What problem does this solve?
You might find that there are many educators who want to collaborate with you to use Wikimedia in the classroom, or you may have several ideas for education program models you want to try. While it might be appealing to start with several ‘experimental’ programs at once, you may not have the time or resources to support several projects. Starting with a pilot may help prevent volunteer burnout, and can help you identify the resources you will need to grow your program in the future.
What is the solution?
Start small and do everything you can to make your first classroom collaboration successful. Remember, even if you, the program leader, and the educator you are collaborating with are experienced Wikimedians, both of you are just learning how to incorporate Wikimedia projects into student assignments. You will run into problems and discover successful strategies. You can use these lessons to make changes to your program in the next term.
There are two primary reasons to start with a small pilot:
- Preserve goodwill with the community and with educators. Many things will go well, but some things will go wrong. Problems are easier to fix on a small scale. You risk losing the support of the community and educators who are interested in working with Wikimedia projects if their first experience is not good.
- It will make growing your program easier. Many program leaders said that one of the most powerful tools for growing their education programs is sharing local success stories that include data about student contributions. Lessons you learn in the pilot will also make working with new educators easier or less time consuming.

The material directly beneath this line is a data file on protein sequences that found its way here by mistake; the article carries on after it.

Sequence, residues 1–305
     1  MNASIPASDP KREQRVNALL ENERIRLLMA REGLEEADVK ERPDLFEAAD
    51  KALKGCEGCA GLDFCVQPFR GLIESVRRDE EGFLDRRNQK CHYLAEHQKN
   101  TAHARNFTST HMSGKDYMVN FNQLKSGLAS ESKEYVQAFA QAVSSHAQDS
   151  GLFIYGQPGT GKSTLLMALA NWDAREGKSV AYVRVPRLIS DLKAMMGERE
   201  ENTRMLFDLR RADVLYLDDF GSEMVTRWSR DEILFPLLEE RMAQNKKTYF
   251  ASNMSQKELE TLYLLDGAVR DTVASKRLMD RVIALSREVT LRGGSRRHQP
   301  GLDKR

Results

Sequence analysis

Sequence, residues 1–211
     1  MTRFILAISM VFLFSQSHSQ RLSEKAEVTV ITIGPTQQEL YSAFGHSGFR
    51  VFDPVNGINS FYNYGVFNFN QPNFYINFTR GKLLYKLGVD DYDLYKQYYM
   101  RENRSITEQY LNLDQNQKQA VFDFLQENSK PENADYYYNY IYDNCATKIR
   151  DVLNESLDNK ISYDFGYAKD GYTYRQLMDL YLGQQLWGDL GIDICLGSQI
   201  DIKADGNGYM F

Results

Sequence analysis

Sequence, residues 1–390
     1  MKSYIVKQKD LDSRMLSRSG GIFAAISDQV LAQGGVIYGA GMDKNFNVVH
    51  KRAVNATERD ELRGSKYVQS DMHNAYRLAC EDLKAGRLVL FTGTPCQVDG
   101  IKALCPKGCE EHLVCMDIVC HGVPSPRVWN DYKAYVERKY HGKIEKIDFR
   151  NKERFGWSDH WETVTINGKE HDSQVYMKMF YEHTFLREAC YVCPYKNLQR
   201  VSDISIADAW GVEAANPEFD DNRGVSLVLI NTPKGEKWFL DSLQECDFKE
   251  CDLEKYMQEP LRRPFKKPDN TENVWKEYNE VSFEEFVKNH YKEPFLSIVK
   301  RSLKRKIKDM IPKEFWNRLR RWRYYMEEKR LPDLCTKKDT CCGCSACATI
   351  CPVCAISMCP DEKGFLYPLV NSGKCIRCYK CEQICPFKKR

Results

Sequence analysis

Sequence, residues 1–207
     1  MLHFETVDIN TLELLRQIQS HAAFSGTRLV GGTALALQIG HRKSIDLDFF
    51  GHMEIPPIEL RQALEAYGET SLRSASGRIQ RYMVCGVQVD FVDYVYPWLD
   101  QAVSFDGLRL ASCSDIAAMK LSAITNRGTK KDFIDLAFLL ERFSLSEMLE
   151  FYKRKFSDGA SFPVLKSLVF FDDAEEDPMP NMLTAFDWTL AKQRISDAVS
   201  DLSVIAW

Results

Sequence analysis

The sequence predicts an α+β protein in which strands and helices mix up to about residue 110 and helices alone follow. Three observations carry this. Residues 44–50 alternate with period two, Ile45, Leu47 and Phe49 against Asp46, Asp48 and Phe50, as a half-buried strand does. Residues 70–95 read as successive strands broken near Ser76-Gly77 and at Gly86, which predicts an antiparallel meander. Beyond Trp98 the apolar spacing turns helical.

Basic steps for piloting an education project:
- Find one or two educators to work with. Try to work with a school where students will have access to internet and computers.
- Let the community know what you are going to do. This is a basic courtesy and a proven success strategy.
- Choose a program model that will work where you live.
- Choose training and outreach materials. Many useful teaching and outreach materials have been created by WMF and members of the community and have been translated into several languages.
- Help the educator plan the course.
- Create a course page. A course page organizes course information in a central location, on wiki, where students, educators, volunteers and the community can find it.
- Set goals for your program. At the pilot stage, collecting information about your program should be your primary goal.
- Choose a tool to track student work. There are several tools you can use to track and measure content that students create, making it easier to evaluate student work and how effective your program was.
- Evaluate your pilot. --learning pattern needed-- Did you achieve your goals? Was this worth your time?
- Get feedback. --learning pattern needed-- Ask educators and students what they liked about the project, and what they think should change.
Things to consider
Take advantage of ten years of education program leader experience when planning your pilot:
- Use a model that has worked in a context similar to yours.
- Check the bookshelf and resources pages of the Outreach portal for training materials.
- Pay attention to lessons learned by other Wikimedia volunteers.
When to use
When you are starting an education program or experimenting with new program models for the first time in a particular country, or working with a new age group.
- Starting with a small pilot program is a great way to identify problems that you didn't expect. It is also a great way to get new people involved in supporting or helping you with your program. The smaller size of the pilot generally means a smaller commitment of time and effort on their part, so they won't be too overwhelmed or intimidated by it. WikiWikiRoy (talk) 23:36, 4 March 2015 (UTC)
- samire 18.104.22.168 23:05, 14 July 2016 (UTC)
- Hello Sam Trump (talk) 01:51, 27 August 2018 (UTC)